Heart & Vascular Care Institute

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Technology & Procedures

Moving with the pulse of today’s ever-changing technology

Freeman Heart & Vascular Institute provides the region’s most contemporary, state-of-the-art facility committed to the continued advancement of cardiac care. We continually evaluate new technologies to bring you the latest, proven advancements as rapidly as possible.


This heart-assist device works as a temporary “artificial heart” and is designed to support the circulation in a patient who has undergone successful heart surgery but whose ventricle is not yet able to pump effectively.


Heavily calcified lesions may not respond to dilation but can be treated with rotational atherectomy (Rotoblator).

Comprehensive pulmonary services

Services include lung resection, video-assisted thoracoscopy, and flexible fiber-optic bronchoscopy.

Coronary artery bypass

Minimally invasive coronary artery bypass (MIDCAB) avoids manipulation of the ascending aorta, decreasing the risk of dislodging small pieces of cholesterol that can damage the brain, heart, and other organs.

Cutting balloon

Beneficial for coronary artery and peripheral vascular treatment, the cutting balloon device reduces barotrauma and restenosis, and allows for treatment of some complex lesions more safely.

Heartport™ surgery

This innovative procedure allows surgeons to approach the heart through a two- to three-inch keyhole incision, or port, made between the ribs on the chest wall. This incision is much smaller, less painful, and has a quicker healing time than open-heart surgery incisions.

Maze II

Used to treat uncontrolled atrial fibrillation, this surgical procedure prevents electrical reentry and restores the heart to its normal rhythm.

Off-pump coronary artery bypass (OPCAB)

OPCAB allows a surgeon to bypass as many as five or six vessels without relying on a heart-lung machine and heavy anesthesia. Instead, a special device is used to steady portions of the beating heart, allowing doctors to operate on all parts of the organ with lighter anesthesia.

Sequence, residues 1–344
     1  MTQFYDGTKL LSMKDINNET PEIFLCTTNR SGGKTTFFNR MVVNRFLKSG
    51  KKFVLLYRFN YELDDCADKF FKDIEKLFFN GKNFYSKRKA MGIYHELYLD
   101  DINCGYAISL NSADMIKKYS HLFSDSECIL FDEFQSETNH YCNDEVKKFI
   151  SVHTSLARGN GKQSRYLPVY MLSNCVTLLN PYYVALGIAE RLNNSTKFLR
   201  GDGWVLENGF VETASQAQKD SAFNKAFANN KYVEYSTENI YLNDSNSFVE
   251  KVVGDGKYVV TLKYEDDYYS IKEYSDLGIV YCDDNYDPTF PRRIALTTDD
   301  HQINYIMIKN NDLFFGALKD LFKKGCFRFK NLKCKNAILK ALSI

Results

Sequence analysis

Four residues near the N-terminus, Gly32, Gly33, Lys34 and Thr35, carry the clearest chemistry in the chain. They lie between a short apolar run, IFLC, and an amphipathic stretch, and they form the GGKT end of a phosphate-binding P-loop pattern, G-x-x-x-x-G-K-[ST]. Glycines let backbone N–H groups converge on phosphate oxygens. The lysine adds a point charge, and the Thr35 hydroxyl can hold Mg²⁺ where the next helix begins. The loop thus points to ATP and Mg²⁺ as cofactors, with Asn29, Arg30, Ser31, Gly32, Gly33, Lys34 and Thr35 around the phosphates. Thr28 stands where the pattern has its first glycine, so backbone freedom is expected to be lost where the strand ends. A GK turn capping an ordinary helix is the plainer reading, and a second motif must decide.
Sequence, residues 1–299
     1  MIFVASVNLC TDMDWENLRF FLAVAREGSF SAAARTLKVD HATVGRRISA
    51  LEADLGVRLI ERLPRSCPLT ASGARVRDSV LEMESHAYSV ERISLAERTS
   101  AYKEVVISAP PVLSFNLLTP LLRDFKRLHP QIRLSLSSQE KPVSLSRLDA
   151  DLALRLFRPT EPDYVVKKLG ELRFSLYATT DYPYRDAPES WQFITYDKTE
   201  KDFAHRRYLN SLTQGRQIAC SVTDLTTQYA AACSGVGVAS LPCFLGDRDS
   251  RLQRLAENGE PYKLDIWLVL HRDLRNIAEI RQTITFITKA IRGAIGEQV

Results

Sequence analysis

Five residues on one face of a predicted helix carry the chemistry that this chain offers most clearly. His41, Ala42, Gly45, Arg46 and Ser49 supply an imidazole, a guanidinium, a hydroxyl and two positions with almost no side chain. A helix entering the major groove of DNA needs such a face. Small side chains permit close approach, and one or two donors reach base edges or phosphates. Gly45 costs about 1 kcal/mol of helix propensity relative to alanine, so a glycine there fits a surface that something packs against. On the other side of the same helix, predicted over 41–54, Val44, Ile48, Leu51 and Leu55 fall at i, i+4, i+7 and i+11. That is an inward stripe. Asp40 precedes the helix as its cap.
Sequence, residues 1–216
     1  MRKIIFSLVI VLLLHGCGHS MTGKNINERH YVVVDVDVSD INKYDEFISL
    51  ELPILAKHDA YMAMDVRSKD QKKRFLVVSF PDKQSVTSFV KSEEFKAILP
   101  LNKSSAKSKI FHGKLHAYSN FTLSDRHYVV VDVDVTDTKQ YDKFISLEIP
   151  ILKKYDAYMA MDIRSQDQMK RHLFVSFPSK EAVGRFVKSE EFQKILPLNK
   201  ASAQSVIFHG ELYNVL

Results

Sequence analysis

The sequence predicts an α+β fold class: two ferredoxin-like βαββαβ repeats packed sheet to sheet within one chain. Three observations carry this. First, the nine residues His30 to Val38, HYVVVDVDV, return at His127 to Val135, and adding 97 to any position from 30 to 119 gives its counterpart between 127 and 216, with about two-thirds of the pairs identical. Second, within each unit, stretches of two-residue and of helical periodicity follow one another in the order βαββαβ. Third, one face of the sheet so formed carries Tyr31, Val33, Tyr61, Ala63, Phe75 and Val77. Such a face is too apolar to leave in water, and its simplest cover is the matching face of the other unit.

Peripheral vascular and endovascular surgery

These procedures, which repair circulatory insufficiency in areas other than the heart, can include abdominal aortic aneurysm repair, lower extremity revascularization, carotid endarterectomy, and varicose vein therapies.

Ross Procedure

Performed by fewer than 100 surgeons worldwide, the Ross Procedure is a complex treatment that uses human heart valves to replace damaged aortic valves and avoids complications stemming from the use of mechanical heart valves.


Many types of stents are used, including bare metal, self-expanding, and drug-eluting stents (sometimes referred to as “coated” or “medicated” stents, drug-eluting stents have been coated with a pharmacological agent that interferes with the process of restenosis, or the formation of scar tissue). Many different blood vessels potentially can be stented. Carotid artery stenting uses a stent inserted percutaneously within the carotid arteries to allow restoration of flow to the brain. The approval of carotid artery stenting offers some patients a less invasive way to treat carotid artery disease.

Stent graft system

This minimally invasive procedure is an alternative approach to open abdominal aortic aneurysm surgery. Benefits of the stent graft treatment include a shorter recovery period, less pain, smaller incisions, and fewer complications.

Traditional angioplasty

Traditional angioplasty uses a balloon-tipped catheter (with or without a stent) to increase luminal size through an occluded artery. This procedure can be performed on some patients by using the transradial approach (through the wrist).

Transcatheter aortic valve replacement (TAVR)

Freeman is the first and only hospital in our area to provide TAVR, a procedure for patients with severe aortic stenosis (narrowing of the valve in the aorta) who can’t risk open-heart surgery. Learn more.

Venous thrombolysis/stenting

Direct thrombolysis with or without venous stenting reduces long-term symptoms of deep vein thrombosis (DVT), and the postphlebitic syndrome.

Freeman Heart & Vascular Institute
1102 W. 32nd St.
Joplin, MO
888.66.HEART (43278)

Cardiology: 417.347.5000
Cardiothoracic Surgery: 417.347.5001

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